Over 200 girls living in El Carmen, Colombia have been in the hospital suffering from nausea, abdominal pain, and numbness in hands since May — and Juan Miguel Santos, the country’s president, said it’s probably mass hysteria.

Hysteria, as reported by Psychology Today, is also known as mass psychological illness. It’s a result of psychological stress and anxiety. Fainting and hyperventilation are common symptoms, affecting mostly children and teens, and cases of such date back to the Middle Ages.

More recently, hysteria was suspected in Le Roy, N.Y., when girls of the same age mysteriously fell ill back in 2012. The two situations are so similar that The Daily Beast reported Colombia has been considered to have a “Le Roy problem.” Coincidentally, like Le Roy, the Colombian village was introduced to a vaccine that helps to protect against human papilloma virus (HPV). Though harmful side effects of HPV vaccinations are extremely rare, they’re still possible. Just last month the shot was suspected to have killed a 12-year-old girl from Waukesha, Wis.

Could this hysteria really be a bad reaction to the vaccine? “We have invested $100 million into this vaccination program,” President Santos told Colombia Reports. “We are the leading country in vaccinating children. It contributes toward equality and public health so that the poor have the same opportunities as the rich.”

Of course, the president wouldn’t be the first to admit it. It’s just easier to write the girls off as severely stressed since stress is what a lot of teenagers do. According to the American Psychological Association, 31 percent of teens say their stress level has increased since 2013 while 83 percent cite school as significant source of stress.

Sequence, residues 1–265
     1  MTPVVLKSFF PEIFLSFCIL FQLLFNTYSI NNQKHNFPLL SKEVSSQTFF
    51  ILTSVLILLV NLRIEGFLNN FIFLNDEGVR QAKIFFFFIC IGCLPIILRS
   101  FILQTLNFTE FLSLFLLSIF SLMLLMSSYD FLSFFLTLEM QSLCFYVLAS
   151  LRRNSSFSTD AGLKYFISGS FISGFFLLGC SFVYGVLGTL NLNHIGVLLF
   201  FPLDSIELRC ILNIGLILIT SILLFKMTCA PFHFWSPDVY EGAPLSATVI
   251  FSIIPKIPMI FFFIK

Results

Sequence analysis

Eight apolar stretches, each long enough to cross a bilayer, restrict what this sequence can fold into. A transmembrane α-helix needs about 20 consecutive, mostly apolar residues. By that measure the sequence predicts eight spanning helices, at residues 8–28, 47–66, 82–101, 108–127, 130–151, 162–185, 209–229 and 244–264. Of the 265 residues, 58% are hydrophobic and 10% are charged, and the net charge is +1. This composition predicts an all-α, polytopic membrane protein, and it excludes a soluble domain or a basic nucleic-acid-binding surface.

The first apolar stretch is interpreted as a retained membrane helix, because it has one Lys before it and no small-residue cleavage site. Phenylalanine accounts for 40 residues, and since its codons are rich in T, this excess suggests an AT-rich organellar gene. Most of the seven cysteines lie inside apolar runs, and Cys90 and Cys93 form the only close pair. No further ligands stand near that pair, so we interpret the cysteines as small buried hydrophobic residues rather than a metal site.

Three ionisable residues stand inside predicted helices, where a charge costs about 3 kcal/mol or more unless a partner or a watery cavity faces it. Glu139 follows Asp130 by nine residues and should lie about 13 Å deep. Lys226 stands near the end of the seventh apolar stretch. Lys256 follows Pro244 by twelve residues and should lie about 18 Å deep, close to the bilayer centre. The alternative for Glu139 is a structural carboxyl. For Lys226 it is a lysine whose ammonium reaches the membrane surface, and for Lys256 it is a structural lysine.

Again, negative, even fatal side effects from HPV vaccines are unlikely. Yet, if it turns out that these girls are overly stressed and anxious, they should not be written off. Suicide is the third leading cause of death among teenagers, and stress, anxiety, as well as depression increase these odds. Waving a dismissive hand only promotes the stigma surrounding mental health care, preventing these girls and their families from getting proper treatment. It’s equally problematic.

“Who is responsible for my daughters?” Leanis Salcedo, mother of four daughters who all contracted the mystery illness, told Colombia Reports. “They have not even given us proper treatment. I don’t ask for money and I do not want them to give me anything; all I want is to see [my daughters] healthy. Is that too much to ask?”

Editor's note: An original version of this article cited research from the Focus Autism Foundation that is no longer included in the journal it first appeared in.